Amin Eimanifar,
amineimanifar1979@gmail.com
Academic editor
Ruslan Kalendar
Additional Information and
Declarations can be found on
page 14
DOI 10.7717/peerj.8280
Copyright
2020 Eimanifar et al.
Distributed under
Creative Commons CC-BY 4.0
native to and distributed in Asia (Radloff, Hepburn & Engel, 2011). A. mellifera has
diversied into approximately 2530 subspecies which are further classied into six
evolutionary groups, or lineages(A, M, C, O, Z and Y) (Ruttner, 1988;Garnery,
Cornuet & Solignac, 1992;Franck et al., 2000;Alburaki et al., 2013). At least 11 of the
A. mellifera subspecies are native to Africa. Two subspecies native to the Republic of
South Africa (RSA) are of particular interest to us. They are Apis mellifera scutellata
(the savannah or lowland honey bee) and Apis mellifera capensis (the Cape honey bee).
These two subspecies hybridize readily in the intermediate areas where their natural
distributions overlap (Crewe, Hepburn & Moritz, 1994;Moritz, Beye & Hepburn, 1998;
Eimanifar et al., 2018b;Bustamante, Baiser & Ellis, in press).
Both A.m. scutellata and A.m. capensis are important to beekeepers in the RSA but are
considered invasive pests outside of their native ranges (Eimanifar et al., 2018a,2018b).
A.m. scutellata is the bee introduced into Brazil in the mid 1950s, later becoming known in
the Americas as the killer bee(Caron, 2001) due to the heightened defensiveness it
exhibits. Cape bees can reproduce thelytokously (worker bees produce diploid, female
offspring), a trait that allows them to be social parasites (Aumer et al., 2019). This behavior
makes A.m. capensis a signicant problem in northern parts of the RSA where they are not
native. There, they socially parasitize A.m. scutellata colonies. Though A.m. capensis
workers can produce female offspring, they reproduce at much lower rates than do queen
honey bees, rendering them unable to support a robust colony population. Consequently,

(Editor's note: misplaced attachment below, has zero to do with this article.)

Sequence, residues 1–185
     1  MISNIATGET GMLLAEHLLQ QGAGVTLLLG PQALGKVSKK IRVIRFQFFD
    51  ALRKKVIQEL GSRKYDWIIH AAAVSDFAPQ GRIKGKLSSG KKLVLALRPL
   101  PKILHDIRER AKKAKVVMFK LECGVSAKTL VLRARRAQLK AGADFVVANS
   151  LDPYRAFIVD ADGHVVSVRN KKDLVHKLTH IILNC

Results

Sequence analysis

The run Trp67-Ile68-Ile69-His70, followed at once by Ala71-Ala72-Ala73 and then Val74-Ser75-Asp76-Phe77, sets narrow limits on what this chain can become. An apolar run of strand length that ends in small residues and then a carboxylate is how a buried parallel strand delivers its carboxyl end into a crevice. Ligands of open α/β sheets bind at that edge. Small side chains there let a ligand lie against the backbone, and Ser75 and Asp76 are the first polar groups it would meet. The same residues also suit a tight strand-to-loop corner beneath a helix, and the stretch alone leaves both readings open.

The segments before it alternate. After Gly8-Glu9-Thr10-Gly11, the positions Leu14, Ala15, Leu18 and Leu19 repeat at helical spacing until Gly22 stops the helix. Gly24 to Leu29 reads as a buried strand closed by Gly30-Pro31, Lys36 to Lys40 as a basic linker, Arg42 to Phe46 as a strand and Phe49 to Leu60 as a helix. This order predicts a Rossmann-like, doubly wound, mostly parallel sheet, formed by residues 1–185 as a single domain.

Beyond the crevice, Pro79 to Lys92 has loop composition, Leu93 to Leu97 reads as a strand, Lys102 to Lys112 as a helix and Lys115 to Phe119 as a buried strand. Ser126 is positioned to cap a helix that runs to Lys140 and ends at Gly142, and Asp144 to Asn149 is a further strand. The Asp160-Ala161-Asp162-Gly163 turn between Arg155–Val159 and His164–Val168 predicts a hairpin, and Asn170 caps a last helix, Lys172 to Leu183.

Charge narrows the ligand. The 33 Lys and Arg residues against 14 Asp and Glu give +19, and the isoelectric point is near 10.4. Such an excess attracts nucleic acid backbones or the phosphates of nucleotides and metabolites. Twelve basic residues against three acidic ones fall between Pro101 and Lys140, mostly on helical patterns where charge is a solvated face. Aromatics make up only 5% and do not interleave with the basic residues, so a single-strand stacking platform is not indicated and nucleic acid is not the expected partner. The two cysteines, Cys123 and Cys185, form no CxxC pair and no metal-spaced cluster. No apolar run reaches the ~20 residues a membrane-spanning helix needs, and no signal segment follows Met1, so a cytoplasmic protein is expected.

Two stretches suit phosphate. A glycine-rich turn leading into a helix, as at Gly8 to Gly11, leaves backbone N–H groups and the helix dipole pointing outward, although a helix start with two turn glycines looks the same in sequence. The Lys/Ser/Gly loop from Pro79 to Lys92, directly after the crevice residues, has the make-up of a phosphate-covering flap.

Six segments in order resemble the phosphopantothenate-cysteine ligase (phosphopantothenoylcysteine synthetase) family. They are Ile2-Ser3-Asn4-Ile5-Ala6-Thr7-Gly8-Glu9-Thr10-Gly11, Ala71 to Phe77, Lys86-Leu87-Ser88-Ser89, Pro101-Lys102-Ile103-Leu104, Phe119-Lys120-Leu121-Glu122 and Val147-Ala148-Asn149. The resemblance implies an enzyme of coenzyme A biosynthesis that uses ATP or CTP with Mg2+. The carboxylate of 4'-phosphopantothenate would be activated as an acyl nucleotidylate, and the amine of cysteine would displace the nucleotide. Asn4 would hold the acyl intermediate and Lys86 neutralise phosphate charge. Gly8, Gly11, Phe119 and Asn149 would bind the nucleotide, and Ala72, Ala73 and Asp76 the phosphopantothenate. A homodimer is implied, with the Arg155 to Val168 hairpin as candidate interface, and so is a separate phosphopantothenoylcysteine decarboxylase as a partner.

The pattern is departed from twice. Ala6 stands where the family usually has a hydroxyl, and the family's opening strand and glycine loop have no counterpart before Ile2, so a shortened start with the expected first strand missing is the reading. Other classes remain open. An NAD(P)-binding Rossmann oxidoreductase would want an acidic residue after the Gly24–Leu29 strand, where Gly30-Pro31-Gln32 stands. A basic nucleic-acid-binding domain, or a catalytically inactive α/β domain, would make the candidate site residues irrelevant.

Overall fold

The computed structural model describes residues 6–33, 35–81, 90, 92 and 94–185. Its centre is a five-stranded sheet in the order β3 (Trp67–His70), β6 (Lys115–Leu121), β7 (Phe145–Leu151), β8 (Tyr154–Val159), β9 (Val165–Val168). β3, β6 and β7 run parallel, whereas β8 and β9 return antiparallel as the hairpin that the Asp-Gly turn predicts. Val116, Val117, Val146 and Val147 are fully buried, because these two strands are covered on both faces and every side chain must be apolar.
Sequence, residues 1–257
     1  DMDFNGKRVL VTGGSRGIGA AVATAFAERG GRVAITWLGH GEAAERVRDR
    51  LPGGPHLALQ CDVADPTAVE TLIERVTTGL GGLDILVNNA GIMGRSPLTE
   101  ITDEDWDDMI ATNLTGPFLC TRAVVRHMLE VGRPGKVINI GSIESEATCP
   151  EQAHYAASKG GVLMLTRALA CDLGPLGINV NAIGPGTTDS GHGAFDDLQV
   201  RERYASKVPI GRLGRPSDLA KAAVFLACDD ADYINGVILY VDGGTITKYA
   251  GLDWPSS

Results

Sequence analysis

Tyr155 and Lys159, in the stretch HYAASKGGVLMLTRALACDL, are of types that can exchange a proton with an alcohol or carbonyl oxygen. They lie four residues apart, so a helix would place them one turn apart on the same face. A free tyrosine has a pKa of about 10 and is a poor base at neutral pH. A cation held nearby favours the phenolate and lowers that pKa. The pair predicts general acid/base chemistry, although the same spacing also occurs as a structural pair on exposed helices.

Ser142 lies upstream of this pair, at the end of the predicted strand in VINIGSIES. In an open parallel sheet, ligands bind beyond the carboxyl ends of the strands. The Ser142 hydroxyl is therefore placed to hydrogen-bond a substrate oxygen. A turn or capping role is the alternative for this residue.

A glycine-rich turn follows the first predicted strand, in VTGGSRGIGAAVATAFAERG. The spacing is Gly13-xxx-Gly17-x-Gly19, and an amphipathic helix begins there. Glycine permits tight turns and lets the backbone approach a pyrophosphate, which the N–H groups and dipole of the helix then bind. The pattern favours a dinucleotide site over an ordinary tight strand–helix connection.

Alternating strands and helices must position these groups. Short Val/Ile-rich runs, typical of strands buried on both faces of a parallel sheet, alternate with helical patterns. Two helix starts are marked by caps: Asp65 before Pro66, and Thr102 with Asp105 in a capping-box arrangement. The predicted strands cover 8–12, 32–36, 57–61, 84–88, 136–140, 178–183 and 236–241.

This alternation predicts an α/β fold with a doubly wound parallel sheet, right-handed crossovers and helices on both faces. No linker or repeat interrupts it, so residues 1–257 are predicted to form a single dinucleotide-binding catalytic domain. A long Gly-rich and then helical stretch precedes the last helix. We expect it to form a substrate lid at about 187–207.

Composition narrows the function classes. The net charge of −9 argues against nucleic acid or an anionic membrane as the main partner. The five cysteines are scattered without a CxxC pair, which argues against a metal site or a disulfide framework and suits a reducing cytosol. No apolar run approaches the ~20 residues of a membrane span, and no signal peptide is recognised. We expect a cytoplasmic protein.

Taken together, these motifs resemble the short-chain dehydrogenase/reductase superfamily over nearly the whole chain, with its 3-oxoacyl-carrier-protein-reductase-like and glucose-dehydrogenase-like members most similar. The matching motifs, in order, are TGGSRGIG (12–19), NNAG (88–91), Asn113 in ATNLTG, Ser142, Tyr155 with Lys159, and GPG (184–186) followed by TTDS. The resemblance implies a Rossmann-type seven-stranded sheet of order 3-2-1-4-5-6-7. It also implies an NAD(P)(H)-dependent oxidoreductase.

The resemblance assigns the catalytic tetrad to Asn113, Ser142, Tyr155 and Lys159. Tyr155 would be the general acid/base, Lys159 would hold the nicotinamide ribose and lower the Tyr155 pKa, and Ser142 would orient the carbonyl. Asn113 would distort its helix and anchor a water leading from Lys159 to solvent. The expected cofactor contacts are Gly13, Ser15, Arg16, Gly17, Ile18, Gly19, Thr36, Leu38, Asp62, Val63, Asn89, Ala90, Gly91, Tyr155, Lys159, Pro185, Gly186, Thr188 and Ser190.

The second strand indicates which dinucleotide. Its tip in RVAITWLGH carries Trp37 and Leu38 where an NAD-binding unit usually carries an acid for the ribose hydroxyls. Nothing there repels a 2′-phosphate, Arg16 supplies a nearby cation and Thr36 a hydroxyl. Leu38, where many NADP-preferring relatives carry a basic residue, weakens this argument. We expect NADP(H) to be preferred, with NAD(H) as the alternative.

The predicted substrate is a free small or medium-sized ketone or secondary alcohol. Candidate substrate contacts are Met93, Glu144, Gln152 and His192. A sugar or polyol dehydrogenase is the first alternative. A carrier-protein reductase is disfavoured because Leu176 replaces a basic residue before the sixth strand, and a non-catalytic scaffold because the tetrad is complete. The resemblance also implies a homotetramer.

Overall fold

A.m. scutellata colonies infested with A.m. capensis laying workers suffer dwindling
populations and ultimately die. Beekeepers in the RSA call this phenomenon the capensis
calamity(Allsopp, 1992).
A.m. capensis and A.m. scutellata show a distinct genetic structure (Jaffe et al., 2009;
Neumann et al., 2011;Eimanifar et al., 2018b). Some studies have been published on this
topic already, but the sample sizes used render them less informative at the level of
subspecies differentiation (Wallberg et al., 2014;Chapman et al., 2015;Harpur et al., 2015;
Nelson et al., 2017). Recently, the population structure and genetic diversity of both
subspecies was determined using Genotyping-by-Sequencing analyses for 474 individuals,
representative of 28 geographical regions in the RSA (Eimanifar et al., 2018b) and whole
mitogenome analyses of 25 individuals from across the RSA (Eimanifar et al., 2018a).
Eimanifar et al. (2018b) produced a list of 83 divergent SNP loci that can be used to
distinguish the two subspecies. In contrast, whole mitogenomes were not useful for
distinguishing between the subspecies, though the high genetic diversity of the bees
was highlighted (Eimanifar et al., 2018a). In recent years, there have been substantial
applications of microsatellite markers to assess the genetic variability, population structure
and conservation genetics of many organisms (Wang et al., 2017;Frias-Soler et al., 2018;
De Melo Moura et al., 2019;Yu et al., 2019). Thus, to add to our knowledge of the
molecular ecology of both bee populations in the RSA, we used 19 microsatellite loci to
discern the range-wide genetic variation and population genetic structure of 813 honey
bees from 75 different apiaries (29 geographical regions) across the beesnatural
distribution in the RSA. Our microsatellite data, when viewed in context with our earlier
Eimanifar et al. (2020), PeerJ, DOI 10.7717/peerj.8280 2/18
work (Eimanifar et al., 2018a,2018b), highlight the high genetic diversity of the honey bee
populations inhabiting the RSA.
MATERIALS AND METHODS
Honey bee sampling and DNA extraction
In April/May 2013 and April 2014, a total of 60+ bees were collected from each of over
1,100 managed honey bee colonies located in 75 different apiaries grouped into 29
geographical regions (13 apiaries/region) across the A.m. scutellata and A.m. capensis
distribution in RSA (Mortensen et al., 2016). A region was dened as a cluster of 13
apiaries that were located close to one another (i.e., 550 km between apiaries) or was
otherwise isolated by itself in instances where a region was composed of only one apiary.
The regions were named for the closest city, town, village, or other geographically dened,
nearby area. Detailed information on the sampling regions and apiaries, the number of
bees analyzed per apiary and the geographical coordinates of the sampling regions are